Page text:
We found that total living microbial biomass (lipid abundance) did not differ significantly under any treatment. Changes in microbial biomass under global change scenarios could be important, since microbial biomass has been known as an early indicator of changes in total soil organic C (Powlson et al., 1987). Past studies have shown inconsistent trends for microbial biomass under elevated CO2, warming, or N deposition. Reported responses vary in direction and magnitude, and much uncertainty exists on whether microbial biomass will increase, decrease or remain the same under elevated CO2 (Zak et al., 2000), warming (Zhang et al., 2005; Frey et al., 2008; Bell et al., 2010) or N deposition (Treseder, 2008). In addition to various mechanisms that contribute to observed microbial abundance, the inconsistency among studies could be a result of high variations in the analysis of microbial living biomass, or in quickly changing dynamics of the living microbial biomass. However, despite the lack of biomass response in this study, microbial community structure did differ in some ways after 9 years of continuous treatment. In particular, fungal community composition appeared altered (AMF to SF ratio). This is aligned with results from Rillig et al. (2002) and Treseder (2004), who found that AMF abundance increased under elevated CO2 and soil warming. In contrast, AMF abundance here did not significantly change under N fertilization compared with the control (Figure 1B). Two mechanisms have been proposed regarding the N addition influence on AMF: (1) increased N has a negative effect on AMF abundance as AMF become C-limited when N is more available and plants correspondingly reduce allocation of C to mycorrhizal association (Treseder, 2004; van Diepen et al., 2007); (2) AMF proliferation following N addition has also been reported in some ecosystems, possibly because of extreme N-limitation and an increased plant recruitment of AMF (Anderson and Liberta, 1992; Treseder and Allen, 2002). Here, we did not find a significant difference in AMF abundance compared with the control, possibly indicating that multiple mechanisms were involved, or that after 9 years the fungal communities have acclimated to the new level of N-availability.
Microbial Residues (Amino Sugars)
We found that total amino sugars, GluN, GalN, and ManN were significantly depleted in warming and N deposition treatments after 9 years, but the MurA was in greater abundance overall. This indicates that 9 years of warming and elevated N significantly reduced the amount of total microbial residues and fungal residues, but augmented bacterial residues. In spite of the differing effects by warming and N deposition on fungal and bacterial residues, they both consistently indicate that N addition has a generally positive effect, and warming has a generally negative effect on microbial residue accumulation. Although the complexity of soil processes makes straightforward interpretations of microbial residue dynamics difficult, we believe that the treatment-induced changes both directly and indirectly influence microbial growth, death and residue decay. The N addition-induced enhancement of plant growth at the JRGCE (Zavaleta et al., 2003; Dukes et al., 2005) could increase C inputs to the soil as litter and root exudation, which may directly benefit microbial growth (Treseder and Allen, 2002). However, plants may also compete with microbes for limited nutrients, which may hamper microbial growth due to nutrient limitation (Treseder, 2004). The treated plots (not N amended plots) at Jasper Ridge are likely a nutrient-limited environment (Menge and Field, 2007; Gutknecht et al., 2010), and plant competition likely limits microbial growth, biomass production, and accumulation. In the case of the warming treatment, changes in microbial physiology may explain the decline in the fraction of assimilated C that is allocated to microbial growth (Allison et al., 2010). In addition, the dominant amino sugars might be decomposed as a type of N nutrient for plant and microbial growth under warming and extreme nutrient-limited conditions. The distinct increase in MurA under treatments could be explained by faster bacterial life cycles associated with faster turnover rate, or a bacterial community shift from Gm- to Gm+ bacteria which contain thick murein layers (Eudy et al., 1985; Kogel-Knabner, 2002).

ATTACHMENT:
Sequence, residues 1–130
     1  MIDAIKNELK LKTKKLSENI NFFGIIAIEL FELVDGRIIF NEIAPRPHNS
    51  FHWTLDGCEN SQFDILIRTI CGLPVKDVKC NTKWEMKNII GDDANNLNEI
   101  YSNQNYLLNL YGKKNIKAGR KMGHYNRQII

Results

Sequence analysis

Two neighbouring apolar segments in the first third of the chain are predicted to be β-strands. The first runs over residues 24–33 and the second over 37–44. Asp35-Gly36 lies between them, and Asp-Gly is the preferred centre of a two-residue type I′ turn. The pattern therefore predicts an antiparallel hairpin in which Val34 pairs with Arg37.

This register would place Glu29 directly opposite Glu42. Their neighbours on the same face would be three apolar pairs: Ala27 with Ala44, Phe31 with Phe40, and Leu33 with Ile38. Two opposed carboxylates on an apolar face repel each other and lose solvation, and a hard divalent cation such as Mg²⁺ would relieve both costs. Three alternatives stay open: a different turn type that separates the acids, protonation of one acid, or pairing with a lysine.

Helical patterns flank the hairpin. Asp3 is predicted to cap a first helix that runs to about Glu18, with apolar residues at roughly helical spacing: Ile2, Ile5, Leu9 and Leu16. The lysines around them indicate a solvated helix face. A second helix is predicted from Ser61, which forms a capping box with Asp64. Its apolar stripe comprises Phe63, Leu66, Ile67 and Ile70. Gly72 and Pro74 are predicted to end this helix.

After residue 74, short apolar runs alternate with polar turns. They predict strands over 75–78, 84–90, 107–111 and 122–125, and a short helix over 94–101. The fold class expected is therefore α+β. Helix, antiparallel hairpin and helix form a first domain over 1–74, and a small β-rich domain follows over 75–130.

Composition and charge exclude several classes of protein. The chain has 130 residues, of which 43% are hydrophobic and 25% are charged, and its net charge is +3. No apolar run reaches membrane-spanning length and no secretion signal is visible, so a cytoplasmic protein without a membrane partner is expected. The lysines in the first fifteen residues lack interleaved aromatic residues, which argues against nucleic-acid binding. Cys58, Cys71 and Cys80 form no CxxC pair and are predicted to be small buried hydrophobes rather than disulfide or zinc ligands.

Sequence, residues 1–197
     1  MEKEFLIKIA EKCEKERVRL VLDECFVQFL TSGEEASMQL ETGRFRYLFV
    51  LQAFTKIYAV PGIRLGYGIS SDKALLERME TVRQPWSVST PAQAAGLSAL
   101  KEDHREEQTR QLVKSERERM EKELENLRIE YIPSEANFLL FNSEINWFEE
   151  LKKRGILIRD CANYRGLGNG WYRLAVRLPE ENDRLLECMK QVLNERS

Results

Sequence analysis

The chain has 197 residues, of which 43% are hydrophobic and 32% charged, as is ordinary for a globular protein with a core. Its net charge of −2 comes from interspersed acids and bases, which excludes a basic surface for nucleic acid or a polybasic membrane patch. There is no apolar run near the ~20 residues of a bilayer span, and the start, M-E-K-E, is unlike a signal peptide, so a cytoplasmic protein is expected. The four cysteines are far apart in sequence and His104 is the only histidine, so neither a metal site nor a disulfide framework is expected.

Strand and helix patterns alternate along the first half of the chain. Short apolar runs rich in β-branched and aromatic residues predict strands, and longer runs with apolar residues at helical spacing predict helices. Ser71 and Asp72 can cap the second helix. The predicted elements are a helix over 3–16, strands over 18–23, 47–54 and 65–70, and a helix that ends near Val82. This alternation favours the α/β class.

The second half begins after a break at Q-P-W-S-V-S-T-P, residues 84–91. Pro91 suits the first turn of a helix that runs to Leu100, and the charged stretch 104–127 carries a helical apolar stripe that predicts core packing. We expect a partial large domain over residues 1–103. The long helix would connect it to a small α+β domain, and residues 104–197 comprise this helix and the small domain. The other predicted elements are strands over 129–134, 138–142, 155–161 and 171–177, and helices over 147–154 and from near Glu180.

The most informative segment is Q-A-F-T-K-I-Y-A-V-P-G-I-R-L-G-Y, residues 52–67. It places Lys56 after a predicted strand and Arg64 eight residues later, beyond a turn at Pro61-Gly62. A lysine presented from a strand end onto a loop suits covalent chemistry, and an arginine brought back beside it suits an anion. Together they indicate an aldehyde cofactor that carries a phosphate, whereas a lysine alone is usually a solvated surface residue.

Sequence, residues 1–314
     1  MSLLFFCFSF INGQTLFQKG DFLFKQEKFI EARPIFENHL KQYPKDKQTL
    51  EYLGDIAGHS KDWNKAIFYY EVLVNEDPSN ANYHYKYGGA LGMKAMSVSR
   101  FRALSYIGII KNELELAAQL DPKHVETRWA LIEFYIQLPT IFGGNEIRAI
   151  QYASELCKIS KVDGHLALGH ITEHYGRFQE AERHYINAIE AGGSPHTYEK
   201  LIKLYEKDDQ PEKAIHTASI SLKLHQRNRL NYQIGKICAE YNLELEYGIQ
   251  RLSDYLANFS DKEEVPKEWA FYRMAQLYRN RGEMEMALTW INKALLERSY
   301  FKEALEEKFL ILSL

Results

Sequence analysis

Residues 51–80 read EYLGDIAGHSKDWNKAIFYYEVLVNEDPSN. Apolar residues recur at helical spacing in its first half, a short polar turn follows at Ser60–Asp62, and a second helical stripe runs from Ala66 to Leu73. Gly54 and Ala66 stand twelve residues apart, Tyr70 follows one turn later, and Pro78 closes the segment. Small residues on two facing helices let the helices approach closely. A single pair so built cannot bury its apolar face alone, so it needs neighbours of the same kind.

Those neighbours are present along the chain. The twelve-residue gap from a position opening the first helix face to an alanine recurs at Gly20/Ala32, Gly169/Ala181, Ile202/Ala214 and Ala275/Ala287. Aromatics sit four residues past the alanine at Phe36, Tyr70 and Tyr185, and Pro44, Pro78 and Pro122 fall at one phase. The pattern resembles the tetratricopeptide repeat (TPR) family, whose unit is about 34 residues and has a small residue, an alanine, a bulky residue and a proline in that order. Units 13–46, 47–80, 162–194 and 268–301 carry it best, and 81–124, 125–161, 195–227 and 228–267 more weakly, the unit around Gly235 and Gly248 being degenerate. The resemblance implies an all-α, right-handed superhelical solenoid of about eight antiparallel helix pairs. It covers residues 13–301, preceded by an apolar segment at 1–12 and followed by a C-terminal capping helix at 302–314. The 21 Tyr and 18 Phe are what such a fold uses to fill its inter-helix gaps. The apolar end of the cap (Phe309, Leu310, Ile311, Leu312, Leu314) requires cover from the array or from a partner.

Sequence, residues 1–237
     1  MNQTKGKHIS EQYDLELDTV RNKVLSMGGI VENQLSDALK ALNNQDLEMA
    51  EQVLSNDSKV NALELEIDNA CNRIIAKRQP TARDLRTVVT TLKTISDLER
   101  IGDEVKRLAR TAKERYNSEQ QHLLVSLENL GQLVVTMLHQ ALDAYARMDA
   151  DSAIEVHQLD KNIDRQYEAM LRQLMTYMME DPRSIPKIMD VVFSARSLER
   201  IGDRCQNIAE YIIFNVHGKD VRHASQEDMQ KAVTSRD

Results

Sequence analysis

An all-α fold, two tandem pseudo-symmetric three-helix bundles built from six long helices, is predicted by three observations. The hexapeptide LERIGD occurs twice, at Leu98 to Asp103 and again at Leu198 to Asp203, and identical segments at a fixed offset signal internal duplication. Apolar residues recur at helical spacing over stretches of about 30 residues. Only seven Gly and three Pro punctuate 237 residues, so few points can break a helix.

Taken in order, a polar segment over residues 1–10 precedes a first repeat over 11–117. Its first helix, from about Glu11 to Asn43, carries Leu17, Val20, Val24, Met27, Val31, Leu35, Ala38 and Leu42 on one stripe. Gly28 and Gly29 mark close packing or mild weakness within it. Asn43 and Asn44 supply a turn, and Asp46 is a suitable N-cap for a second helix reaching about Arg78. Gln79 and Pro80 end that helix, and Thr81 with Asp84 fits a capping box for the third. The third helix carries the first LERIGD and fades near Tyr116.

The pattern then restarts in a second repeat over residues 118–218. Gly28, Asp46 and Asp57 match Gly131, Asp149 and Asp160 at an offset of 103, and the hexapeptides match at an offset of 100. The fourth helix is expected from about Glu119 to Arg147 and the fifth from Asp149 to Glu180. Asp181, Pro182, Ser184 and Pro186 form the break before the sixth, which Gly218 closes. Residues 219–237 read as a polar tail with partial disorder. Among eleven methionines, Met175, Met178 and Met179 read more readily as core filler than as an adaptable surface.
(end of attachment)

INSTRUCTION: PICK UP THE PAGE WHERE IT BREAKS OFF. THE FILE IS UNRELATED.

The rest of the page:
Not surprisingly, there was no significant relationship between elevated CO2 and total amino sugars and GluN suggesting that elevated CO2 does not influence total microbial residues and fungal residues in soil (Table 1, Figures 2A,B). In addition, we only found a slight additive influence of elevated CO2 coupled with other global change factors (Figures 2A,B), which is in accord with the previous work on lipid dynamics over time (Gutknecht et al., 2012). In contrast, elevated CO2 was related to moderately higher bacterial-derived MurA compared to the control, suggesting that elevated CO2 may contribute to an increased concentration of bacterial-derived residues. In line with this finding, Drigo et al. (2007) found that bacterial community structure in the rhizosphere was most affected by elevated CO2, whereas fungal community structure was less influenced.